Concussions in Kids

Many of you have heard a lot of talk in the news lately about concussions and head injuries from kids playing sports. I’m personally invested in this issue because my wife Lisa and I lost our younger son, Matthew, after he sustained a traumatic brain injury during a high school football game in 2008. I’m professionally motivated by the issue as the executive director of the Childress Institute for Pediatric Trauma.

As your kids go back to school and sports this month, we wanted to give you facts about concussions to help kids continue to play it safe:

  • Young children and teens are more likely to get a concussion and can take longer to recover than adults
  • Recognizing and responding properly to concussions when they first occur can help prevent further injury or even death
  • Athletes who have had a concussion, at any point in their lives, have a greater chance of getting another concussion
  • Traumatic brain injuries (TBI) or concussions are a contributing factor to 31 percent of all injury-related deaths in the U.S.

Although the NCAA and NFL have pledged millions of dollars to study college and youth sports safety, up until now the effects of sports on kids have been vastly understudied. Did you know that 70 percent of the U.S. football-playing population is younger than 14? The Childress Institute is in its third year of funding a long-running study of 9- to 12-year-olds to track the cumulative impact on the brain of head contact across multiple seasons. The good news is, people are paying attention and we can start to make a difference as we learn more.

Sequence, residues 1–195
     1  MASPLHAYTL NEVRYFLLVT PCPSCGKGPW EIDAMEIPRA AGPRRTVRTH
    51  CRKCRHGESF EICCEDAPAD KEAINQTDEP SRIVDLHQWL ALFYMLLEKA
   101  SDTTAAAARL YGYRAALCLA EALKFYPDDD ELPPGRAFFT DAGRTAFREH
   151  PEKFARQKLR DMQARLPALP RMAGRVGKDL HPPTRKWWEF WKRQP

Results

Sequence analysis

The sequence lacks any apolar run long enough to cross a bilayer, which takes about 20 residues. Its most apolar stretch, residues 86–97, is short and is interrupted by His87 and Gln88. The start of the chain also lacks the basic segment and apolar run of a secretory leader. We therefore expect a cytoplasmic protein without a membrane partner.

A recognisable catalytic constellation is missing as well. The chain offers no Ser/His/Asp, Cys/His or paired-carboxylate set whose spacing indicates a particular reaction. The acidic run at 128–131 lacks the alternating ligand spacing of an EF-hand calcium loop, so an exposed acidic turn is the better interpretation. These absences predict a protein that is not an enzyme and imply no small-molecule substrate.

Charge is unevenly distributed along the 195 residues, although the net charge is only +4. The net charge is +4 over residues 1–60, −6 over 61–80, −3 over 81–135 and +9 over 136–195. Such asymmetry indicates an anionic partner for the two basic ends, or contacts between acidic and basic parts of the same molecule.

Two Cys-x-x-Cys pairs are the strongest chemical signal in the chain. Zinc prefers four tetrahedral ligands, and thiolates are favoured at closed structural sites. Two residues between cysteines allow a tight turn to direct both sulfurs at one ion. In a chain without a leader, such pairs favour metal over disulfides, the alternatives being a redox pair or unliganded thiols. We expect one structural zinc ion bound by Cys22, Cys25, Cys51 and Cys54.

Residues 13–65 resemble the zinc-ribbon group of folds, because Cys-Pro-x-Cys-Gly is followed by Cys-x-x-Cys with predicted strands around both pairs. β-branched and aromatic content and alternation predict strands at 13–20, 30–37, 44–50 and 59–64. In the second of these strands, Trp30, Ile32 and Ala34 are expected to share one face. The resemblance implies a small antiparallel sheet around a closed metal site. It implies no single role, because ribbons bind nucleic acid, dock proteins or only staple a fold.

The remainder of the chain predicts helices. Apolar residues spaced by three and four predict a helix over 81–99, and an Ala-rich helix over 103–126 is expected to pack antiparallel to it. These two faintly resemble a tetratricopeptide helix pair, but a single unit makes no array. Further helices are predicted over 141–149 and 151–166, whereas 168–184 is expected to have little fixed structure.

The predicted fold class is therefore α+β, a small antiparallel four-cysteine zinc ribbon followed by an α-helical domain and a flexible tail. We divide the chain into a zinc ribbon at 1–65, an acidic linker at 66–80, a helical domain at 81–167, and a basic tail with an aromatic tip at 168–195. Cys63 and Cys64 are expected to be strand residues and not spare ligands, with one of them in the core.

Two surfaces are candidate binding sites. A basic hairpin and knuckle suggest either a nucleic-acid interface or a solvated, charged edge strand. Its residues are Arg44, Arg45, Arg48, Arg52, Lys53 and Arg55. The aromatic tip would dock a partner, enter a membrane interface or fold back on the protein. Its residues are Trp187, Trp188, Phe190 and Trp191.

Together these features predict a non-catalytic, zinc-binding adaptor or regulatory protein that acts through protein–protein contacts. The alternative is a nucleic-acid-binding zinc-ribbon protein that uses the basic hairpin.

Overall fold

• Symptoms may appear mild, but the injury can lead to significant life-long impairment
  • Each year, U.S. emergency departments treat an estimated 175,000 sports-related TBIs for boys and girls
  • During the last decade, emergency department visits for sports-related TBIs, among children and adolescents increased by 60 percent
  • 62 percent of sports-related injuries occur during practice not games

Based on the research we do have, we can help prevent and reduce injuries:

  • Limit contact during sports practices (when appropriate for the sport)
  • Change rules and/or ban or limit the use of certain drills or techniques to help reduce the chances of injury
  • Check sports equipment often to make sure the equipment fits the athletes well, is in good condition, stored properly, and is repaired and replaced based on instructions from the equipment companies

Action can help improve outcomes for kids:

  • Educate coaches, parents, athletic trainers and athletes – inform and educate coaches, athletes, and their parents and guardians about concussion through training and/or a concussion information sheet
  • Remove athlete from play – an athlete who is believed to have a concussion should be removed from play right away – “When in doubt, sit it out”
  • Obtain permission to return to play – an athlete can only return to play or practice after at least 24 hours AND with permission from a health care professional trained in concussion care

My best advice as a parent of children who played multiple sports is not to be afraid to go to practice and ask questions. You are your child’s best advocate, so the more you know the better off everyone is.

To learn more about recognizing concussions in your young athlete, visit the CDC’s concussion website. You can learn more about my family’s personal story with sports-related traumatic brain injuries by visiting We hope you will all help kids play it safe this fall.

– Bob Gfeller, Executive Director of the Childress Institute for Pediatric Trauma

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